posted on Mar, 16 2012 @ 07:42 PM
Something I think is strange is the layout of the place seems to match Osama Bin Ladens Compound.

posted on Mar, 16 2012 @ 08:20 PM
Is this really that strange?

it seems likes they are just going to store the entire internet. Of course they shouldn't be storing records of my phone calls, because they shouldn't have them.

This isn't some super scary complex. At least not to me.

posted on Mar, 16 2012 @ 08:25 PM
reply to post by Xieon

Well I guess in the spirit of "do nothing wrong, there's nothing to worry about," some may not be concerned, whereas others just don't like having everything they do tracked and stored electronically. It does seem inevitable in this electronic world we live in, and there is certainly nothing we can do about it now that it's built, but I can see both sides of the argument, even in a defense sense. It is natural that people have mixed feelings, but at the least be made aware I suppose.


posted on Mar, 16 2012 @ 08:26 PM
reply to post by JBA2848

Hmmm, other than the outline of the property being similar, I do not see much else that is similar.


posted on Mar, 16 2012 @ 08:28 PM
reply to post by Ex_CT2

Well if i were a bettin' man, my money would go on it's permanence. There is too much money involved, terrorism is still alive and the data mining aspect has to be mega valuable to some companies as well as gov.


posted on Mar, 16 2012 @ 08:32 PM
Nice update.

I hadn't heard much about it since the initial planning a couple yrs ago.
edit on 16-3-2012 by bg_socalif because: fat fingers.

posted on Mar, 16 2012 @ 09:19 PM
nvm, off topic

edit on 16-3-2012 by speculativeoptimist because: (no reason given)

posted on Mar, 16 2012 @ 11:40 PM
reply to post by speculativeoptimist

Worrying news indeed. It wasn't so long ago Hilarious Clinton said the new war is an information war, or something similar. As for the Internet being stored, I think they have been doing that for a while, this is just their latest future-proof upgrade but the encryption thing bugs me.

In my limited knowledge of encryption basics there are only 3 ways to do it (discounting a flaw in the algorithm or a backdoor)

1 Supercomputers that can exhaust the whole keyspace quickly (which still would require some kind of scanning to pick out the right key/decrypted message, which in itself could be a mammoth task depending if human language is in the un-encrypted message)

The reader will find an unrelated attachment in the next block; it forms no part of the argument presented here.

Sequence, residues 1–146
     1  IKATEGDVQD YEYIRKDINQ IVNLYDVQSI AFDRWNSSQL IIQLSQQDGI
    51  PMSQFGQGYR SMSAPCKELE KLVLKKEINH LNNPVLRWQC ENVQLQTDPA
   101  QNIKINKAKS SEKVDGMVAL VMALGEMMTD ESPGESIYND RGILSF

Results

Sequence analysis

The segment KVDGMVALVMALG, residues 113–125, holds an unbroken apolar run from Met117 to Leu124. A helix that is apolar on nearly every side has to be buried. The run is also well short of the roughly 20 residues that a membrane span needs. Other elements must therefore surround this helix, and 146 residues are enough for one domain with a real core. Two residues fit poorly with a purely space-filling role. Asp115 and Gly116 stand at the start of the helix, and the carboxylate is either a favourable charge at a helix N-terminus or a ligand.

2 A new technology such as quantum computing that uses techniques unknown to the rest of the world.
3 Somehow gaining access (covertly) to everyones password, private key, security certificate or similar.

In any case, great find and definitely something to bear in mind.

edit on 16/3/12 by LightSpeedDriver because: Typo

edit on 16/3/12 by LightSpeedDriver because: Clarification

posted on Mar, 17 2012 @ 03:58 AM

Originally posted by LightSpeedDriver

In my limited knowledge of encryption basics there are only 3 ways to do it (discounting a flaw in the algorithm or a backdoor)

Meh. Back in 1996 or so, an NSA wonk giving a presentation at Redstone let drop that they had an algorithmic attack of some sort against prime number factoring encryption techniques. "Techniques such as RSA are no longer a security issue"

posted on Mar, 17 2012 @ 09:53 AM
reply to post by Bedlam

Well, all I know is Bruce Schneider is a good guy and on our side. Cryptography is way too math based for me to understand at all really but I do know they are constantly testing various methods for their effectiveness and weaknesses. AES Rijndael is the currently advised one if memory serves. I'd be interested to know if anyone has developed an effective attack against it though.

posted on Mar, 17 2012 @ 02:17 PM
reply to post by LightSpeedDriver

Thanks for the reply Driver, and you bring up some good points.

A new technology such as quantum computing that uses techniques unknown to the rest of the world.

This one will surely unveil more abilities that may make the current encryption system ineffective, and something new will have to be made for security.
Quantum coding, now there's a field that may be growing.
In pondering how this stuff may evolve, I wonder if nano-security guards could be created and activated within systems, programmed to defend against attack?


posted on Mar, 17 2012 @ 02:24 PM
I wonder how many "White Hats" are in the NSA?Or are they all Cabal?